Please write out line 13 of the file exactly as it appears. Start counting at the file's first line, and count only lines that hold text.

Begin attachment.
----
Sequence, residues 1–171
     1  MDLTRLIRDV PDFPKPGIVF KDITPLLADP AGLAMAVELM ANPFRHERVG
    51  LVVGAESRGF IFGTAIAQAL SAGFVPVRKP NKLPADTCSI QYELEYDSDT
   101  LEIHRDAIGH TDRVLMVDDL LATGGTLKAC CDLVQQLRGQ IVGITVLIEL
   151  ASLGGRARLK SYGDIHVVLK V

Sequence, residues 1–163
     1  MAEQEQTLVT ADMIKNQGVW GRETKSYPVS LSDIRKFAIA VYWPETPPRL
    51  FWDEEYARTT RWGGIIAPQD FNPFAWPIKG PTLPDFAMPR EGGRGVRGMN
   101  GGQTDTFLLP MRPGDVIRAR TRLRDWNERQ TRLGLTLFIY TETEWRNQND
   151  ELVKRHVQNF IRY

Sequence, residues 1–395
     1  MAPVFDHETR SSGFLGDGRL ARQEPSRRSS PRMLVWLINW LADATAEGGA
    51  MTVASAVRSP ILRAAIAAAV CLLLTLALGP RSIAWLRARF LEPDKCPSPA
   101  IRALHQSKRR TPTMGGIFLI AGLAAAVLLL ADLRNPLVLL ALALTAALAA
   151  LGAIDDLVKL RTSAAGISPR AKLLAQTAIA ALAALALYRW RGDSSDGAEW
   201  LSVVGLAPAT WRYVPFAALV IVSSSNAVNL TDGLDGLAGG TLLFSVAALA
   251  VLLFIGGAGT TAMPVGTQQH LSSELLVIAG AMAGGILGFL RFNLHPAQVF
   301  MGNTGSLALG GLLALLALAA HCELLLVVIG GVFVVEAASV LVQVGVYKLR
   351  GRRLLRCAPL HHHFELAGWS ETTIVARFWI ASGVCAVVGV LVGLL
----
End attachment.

    51  MTVASAVRSP ILRAAIAAAV CLLLTLALGP RSIAWLRARF LEPDKCPSPA